How ‘hard hat’ staff can deploy next-gen edge technology, with Stratus
Just a few years ago, the business technology press was full of predictions that soon, just about everything technology-related would be done in the cloud.
The phrase became a mantra, spurred on not least in part by technology service supplier and manufacturers all rushing to push their products cloud-wards. The attraction of an always-on, centrally-controlled collection of services, paid for on a pay-as-you-use basis, was undeniable, and in many settings, the cloud has become king.
After taking a closer look, it’s become clear that while cloud computing has many beneficial applications, it’s not the best answer to every use case. It’s probably not a good idea to start shutting down local and edge-based data centers and computing stacks just yet. Edge computing also has challenges that need to be taken into consideration in order to optimize performance.
Take the security issues and costs of an edge deployment of significant size and importance. There is a risk for data sent wholesale into the cloud for, as an example, processing by machine-learning algorithms to draw out previously unseen trends. It may not necessarily be a significant risk, but it remains one that was never in play previously. CIOs can ameliorate the issue by investing in high-speed tunneling solutions, or perhaps look at encrypted SDWAN technologies. But the cost of these add-ons may easily outweigh the cost savings realized in moving processing to the cloud.
Additionally, bandwidth becomes an increasing issue in terms of cost, and one that is only going to become a more significant concern as new IoT technologies come online. IoT and IIoT deployments— ironically widespread in edge locations— massively increase the data throughput on which organizations base business decisions. If the ‘data deluge’ needs processing, storing or treating offsite, the complications (and costs) can be significant.
The next logical way to solve “the edge problem” would be to simply throw more resources at the problem, by ensuring that every edge installation has the necessary personnel (appropriately skilled and trained) and facilities in place. The distant laughter you can hear is a precursor of what you’ll hear from the VP of Finance or the boardroom, the moment that suggestion gets made.
The answer comes in the next-generation of edge-specific technology, designed with the following necessary aspects in mind:
– Simple to deploy. Ideally, ‘simple’ should involve plugging in a cable or two and pressing a button. Anything more than that elementary level of technological fluency comes with a cost.
– Secure and reliable. For the same reasons of ease of deployment, keeping edge technology up and running should also require little-to-no intervention from edge-based staff. Instead, oversight and management can be enacted centrally, using lightweight protocols that allow any edge deployments as much autonomy as possible.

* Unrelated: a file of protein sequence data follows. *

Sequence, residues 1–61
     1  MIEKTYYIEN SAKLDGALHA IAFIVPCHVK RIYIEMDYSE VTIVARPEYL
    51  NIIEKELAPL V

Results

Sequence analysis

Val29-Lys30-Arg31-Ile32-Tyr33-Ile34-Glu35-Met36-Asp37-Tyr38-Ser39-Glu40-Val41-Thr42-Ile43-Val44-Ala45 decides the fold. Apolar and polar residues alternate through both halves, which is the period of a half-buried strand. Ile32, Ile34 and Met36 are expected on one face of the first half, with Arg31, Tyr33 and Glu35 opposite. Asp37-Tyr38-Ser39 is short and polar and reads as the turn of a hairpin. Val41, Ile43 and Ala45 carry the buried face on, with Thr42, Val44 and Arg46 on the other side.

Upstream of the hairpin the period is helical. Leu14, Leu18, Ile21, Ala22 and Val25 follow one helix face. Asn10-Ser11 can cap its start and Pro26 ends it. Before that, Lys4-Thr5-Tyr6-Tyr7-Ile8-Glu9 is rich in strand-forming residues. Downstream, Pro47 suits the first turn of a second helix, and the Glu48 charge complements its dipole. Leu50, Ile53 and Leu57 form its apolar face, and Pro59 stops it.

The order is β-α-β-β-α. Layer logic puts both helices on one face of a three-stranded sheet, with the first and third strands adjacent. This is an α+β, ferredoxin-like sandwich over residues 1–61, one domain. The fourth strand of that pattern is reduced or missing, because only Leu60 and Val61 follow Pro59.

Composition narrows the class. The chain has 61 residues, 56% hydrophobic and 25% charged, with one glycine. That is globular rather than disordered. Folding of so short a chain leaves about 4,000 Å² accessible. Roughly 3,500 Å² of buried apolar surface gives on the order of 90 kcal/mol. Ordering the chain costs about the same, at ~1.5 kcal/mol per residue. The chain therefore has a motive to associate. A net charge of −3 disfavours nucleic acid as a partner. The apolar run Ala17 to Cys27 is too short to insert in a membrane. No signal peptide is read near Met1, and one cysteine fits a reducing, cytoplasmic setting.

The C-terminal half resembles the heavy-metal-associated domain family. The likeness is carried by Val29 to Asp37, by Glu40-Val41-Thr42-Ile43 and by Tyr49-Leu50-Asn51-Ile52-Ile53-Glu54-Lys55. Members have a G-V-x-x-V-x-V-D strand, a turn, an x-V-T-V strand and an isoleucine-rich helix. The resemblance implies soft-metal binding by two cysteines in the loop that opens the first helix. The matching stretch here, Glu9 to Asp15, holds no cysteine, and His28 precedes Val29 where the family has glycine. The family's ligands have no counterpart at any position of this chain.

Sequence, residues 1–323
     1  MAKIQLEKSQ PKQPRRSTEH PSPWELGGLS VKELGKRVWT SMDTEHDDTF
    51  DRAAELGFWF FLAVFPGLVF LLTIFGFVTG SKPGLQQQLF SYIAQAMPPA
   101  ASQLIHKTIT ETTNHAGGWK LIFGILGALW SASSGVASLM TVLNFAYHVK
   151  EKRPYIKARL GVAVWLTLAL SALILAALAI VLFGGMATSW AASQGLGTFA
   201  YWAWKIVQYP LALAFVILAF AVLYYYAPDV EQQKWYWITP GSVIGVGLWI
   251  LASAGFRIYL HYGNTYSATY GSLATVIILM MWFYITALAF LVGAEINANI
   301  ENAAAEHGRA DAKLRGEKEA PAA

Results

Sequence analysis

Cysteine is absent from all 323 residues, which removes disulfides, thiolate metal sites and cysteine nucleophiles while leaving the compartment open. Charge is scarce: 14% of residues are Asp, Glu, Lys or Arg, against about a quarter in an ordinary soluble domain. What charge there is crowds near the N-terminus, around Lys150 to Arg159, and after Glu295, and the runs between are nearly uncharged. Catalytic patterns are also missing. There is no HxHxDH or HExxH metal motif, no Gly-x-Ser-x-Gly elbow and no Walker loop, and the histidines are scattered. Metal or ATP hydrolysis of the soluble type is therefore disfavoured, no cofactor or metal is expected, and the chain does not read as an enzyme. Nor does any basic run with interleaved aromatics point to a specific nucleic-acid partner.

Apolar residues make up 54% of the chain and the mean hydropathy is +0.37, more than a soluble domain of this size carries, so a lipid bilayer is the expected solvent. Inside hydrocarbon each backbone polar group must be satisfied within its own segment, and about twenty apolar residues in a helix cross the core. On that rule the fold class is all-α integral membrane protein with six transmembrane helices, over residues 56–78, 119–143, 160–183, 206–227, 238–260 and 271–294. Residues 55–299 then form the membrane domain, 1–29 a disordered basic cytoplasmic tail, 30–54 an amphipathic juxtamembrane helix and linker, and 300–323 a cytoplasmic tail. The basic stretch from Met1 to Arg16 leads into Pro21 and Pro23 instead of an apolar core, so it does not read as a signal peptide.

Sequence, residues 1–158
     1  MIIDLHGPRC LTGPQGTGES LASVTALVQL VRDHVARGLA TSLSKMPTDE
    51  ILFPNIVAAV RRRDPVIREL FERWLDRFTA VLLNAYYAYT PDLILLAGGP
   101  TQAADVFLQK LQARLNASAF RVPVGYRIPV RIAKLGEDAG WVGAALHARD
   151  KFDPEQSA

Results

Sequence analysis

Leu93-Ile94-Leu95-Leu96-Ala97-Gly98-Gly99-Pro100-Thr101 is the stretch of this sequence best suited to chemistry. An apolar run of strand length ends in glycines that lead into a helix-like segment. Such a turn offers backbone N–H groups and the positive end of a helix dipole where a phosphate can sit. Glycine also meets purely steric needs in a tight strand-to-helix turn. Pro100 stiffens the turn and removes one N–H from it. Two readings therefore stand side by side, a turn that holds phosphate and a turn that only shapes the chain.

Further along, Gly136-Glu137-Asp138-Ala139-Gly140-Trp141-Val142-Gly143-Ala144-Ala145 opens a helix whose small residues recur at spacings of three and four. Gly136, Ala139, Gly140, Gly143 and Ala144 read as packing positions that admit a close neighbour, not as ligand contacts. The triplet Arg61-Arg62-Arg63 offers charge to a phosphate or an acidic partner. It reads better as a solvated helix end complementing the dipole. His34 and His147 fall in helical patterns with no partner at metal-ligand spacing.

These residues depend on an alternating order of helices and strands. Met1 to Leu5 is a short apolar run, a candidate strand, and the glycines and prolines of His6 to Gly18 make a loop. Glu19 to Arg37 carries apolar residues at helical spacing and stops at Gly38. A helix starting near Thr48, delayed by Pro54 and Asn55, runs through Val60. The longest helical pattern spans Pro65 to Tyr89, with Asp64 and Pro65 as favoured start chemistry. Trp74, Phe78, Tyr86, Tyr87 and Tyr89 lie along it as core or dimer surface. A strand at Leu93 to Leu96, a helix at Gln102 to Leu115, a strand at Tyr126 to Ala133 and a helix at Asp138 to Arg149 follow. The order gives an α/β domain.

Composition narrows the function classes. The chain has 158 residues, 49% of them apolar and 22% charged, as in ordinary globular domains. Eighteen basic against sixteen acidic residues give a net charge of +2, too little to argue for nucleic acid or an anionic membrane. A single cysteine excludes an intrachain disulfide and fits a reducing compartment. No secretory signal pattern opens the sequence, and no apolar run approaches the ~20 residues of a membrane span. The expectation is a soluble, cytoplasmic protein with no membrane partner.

– Self-maintaining. The simpler the edge technology stack, the better. Self-healing systems should be able to mitigate against problems and automatically compensate proactively. If an edge-based storage RAID goes down, can it be rebuilt by the edge control systems with no or little intervention?
Perhaps it’s something of a tall order – sourcing a company that can provide the levels of autonomous control, security, and reliability that we associate with the cloud, but in multiple edge environments. Essentially, we’re looking to find companies that can provide white-hat finesse in hard hat environments. That’s been difficult in the past, but here at Tech Wire Asia, we’d like to suggest Stratus as a supplier of the know-how and resources that edge-based computing needs now: to lower total costs, local overheads and total cost of ownership.
From solely the security point of view, Stratus comes with a clutch of recommendations and proofs of suitability. Four of the five big credit card companies use Stratus solutions, for example, as do five of the world’s ten largest retailers. The type of scalability, autonomy, and reliability that you’ll need in edge deployments is best sourced from proven stock, and going with a household name is usually a good bet.
In future articles, we’ll be reviewing the Stratus solutions and available feature sets in some detail, but for now, it’s worth pointing out the edge-specific, one-touch technology platform from Stratus, the ztC Edge platform. It sets up in minutes, has a single-button restore facility, is managed remotely and is safe, secure and reliable. In short, if you need to push your company’s IT capabilities to work in every edge deployment as if they were being attended by a phalanx of white-coated IT technicians (should that be Iron Maiden T-Shirt-wearing technicians), then look to Stratus’ ztC.
You can learn more about how the company is changing the edge computing paradigm by clicking here, and of course, watch these pages for more information as we publish.